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Catholic Activity: Pope St. Gregory the Great and Cherries

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This is the story of St. Gregory the Great and his love of cherries on the feast of St. Mark, April 25. Popes now have cherries served on this feast in reminder of this legend.

DIRECTIONS

A strange thing happened one April 25, St. Mark's day: the Holy Father [Pope Gregory the Great], frugal by nature and by vocation, was suddenly overwhelmed--we do not know why--by an incomprehensible desire for cherries. History recounts that servants and gardeners were at a loss. The spring weather was still fresh and raw, and the cherry trees, which grew in numbers along the hills of Trastevere, from the Janiculum to the Colle del Gelsomino, were only just in blossom.

Fortunately, one gardener who was wandering th egardens in despair--gardens that, centuries earlier, had belonged to Luculus--was visited by St. Mark in a cloud of fire. The saint asked him why he was in such a state. As soon as he heard the answer, he uttered a special blessing on a tree, and in a flash it was covered in fragrant, succulent red fruit. As the story handed down through the centuries in Roman dialect recounts, the Pope "se ne fece subito una bella panzata" ("wasted no time in wolfing down a bellyful"). Since then, on St. Mark's feast day, the Pope usually enjoys a nice bowlful of cherries, out of not so much greed as devotion to the saint.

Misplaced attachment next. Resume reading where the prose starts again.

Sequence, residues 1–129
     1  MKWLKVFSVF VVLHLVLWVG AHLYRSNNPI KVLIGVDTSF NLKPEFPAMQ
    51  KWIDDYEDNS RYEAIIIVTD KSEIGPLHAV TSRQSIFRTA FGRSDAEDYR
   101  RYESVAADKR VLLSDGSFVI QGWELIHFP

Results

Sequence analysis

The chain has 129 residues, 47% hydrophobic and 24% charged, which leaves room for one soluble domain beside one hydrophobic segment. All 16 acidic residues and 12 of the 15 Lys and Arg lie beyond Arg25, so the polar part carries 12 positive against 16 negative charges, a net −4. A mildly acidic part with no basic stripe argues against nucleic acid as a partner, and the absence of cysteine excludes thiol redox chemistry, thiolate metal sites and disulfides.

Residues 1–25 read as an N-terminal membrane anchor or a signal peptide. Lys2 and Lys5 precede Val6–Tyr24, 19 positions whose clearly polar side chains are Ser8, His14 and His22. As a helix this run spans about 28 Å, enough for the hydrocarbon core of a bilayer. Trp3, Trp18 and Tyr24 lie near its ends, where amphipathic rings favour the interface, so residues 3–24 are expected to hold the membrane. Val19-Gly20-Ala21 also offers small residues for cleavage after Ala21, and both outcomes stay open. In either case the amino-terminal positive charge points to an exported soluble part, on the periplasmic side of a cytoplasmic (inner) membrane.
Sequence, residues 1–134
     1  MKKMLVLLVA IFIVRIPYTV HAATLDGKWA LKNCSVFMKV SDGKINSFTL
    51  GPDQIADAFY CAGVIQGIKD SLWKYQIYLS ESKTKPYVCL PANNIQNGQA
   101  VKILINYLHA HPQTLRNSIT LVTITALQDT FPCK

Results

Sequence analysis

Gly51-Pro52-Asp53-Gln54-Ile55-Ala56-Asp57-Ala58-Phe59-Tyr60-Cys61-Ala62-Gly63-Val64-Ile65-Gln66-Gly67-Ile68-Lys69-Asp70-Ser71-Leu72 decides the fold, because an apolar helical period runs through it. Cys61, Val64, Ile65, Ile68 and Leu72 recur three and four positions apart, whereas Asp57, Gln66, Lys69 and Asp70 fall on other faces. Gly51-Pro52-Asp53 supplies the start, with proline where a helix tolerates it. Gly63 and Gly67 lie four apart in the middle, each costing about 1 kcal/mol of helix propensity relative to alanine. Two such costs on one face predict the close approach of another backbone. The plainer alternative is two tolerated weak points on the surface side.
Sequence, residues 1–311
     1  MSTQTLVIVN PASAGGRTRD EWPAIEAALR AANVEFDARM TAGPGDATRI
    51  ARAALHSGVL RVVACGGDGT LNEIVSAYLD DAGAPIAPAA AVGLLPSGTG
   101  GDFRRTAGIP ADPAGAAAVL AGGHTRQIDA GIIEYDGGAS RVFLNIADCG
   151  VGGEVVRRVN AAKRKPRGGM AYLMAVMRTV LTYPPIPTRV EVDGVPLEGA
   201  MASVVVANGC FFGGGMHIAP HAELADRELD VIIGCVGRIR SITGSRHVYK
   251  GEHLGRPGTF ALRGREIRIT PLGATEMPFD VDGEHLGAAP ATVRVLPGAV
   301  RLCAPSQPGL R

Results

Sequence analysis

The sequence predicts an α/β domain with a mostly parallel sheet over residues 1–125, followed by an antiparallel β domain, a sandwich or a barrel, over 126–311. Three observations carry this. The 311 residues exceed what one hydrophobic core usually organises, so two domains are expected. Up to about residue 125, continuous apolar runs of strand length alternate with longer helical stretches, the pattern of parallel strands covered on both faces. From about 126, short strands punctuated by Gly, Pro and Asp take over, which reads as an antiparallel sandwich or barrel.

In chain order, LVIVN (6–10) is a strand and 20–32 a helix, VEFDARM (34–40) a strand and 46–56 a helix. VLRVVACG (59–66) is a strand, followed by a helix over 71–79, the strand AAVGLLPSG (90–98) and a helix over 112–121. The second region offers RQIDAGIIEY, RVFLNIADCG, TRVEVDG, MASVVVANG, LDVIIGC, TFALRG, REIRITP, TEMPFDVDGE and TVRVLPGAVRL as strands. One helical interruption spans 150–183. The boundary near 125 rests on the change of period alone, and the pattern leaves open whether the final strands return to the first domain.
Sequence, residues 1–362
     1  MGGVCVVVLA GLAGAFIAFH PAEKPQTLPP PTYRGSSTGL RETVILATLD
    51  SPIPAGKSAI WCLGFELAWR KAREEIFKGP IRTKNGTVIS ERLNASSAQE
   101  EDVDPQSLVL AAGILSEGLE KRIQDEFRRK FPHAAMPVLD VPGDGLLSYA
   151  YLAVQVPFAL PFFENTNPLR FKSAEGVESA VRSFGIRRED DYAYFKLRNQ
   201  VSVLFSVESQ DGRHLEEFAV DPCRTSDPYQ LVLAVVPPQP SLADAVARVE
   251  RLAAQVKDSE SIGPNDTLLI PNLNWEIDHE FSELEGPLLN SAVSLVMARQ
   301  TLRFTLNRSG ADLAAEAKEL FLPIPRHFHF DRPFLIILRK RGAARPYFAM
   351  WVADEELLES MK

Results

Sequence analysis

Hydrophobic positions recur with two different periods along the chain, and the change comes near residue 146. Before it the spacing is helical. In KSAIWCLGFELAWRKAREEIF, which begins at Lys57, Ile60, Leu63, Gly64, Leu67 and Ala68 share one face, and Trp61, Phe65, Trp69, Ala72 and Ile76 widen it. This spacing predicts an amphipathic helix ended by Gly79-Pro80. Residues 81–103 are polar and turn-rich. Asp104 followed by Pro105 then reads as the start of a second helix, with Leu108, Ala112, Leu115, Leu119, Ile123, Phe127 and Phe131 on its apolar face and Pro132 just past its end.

Although this popular legend is highly imaginative, it apparently has its origins in the ancient Roman feast of Rubigalia, founded by Numa Pompilius in honor of the goddess Rubiga, an occasion on which, as well as sampling the first cherries of the year, the Romans carried out rituals to protect crops from blights. In Christian times this holiday was transformed into Rogation Days.

Activity Source: Buon Appetito, Your Holiness: The Secrets of the Papal Table by Mariangela Rinaldi and Mariangela Vicini, Arcade Publishing, New York, 2000

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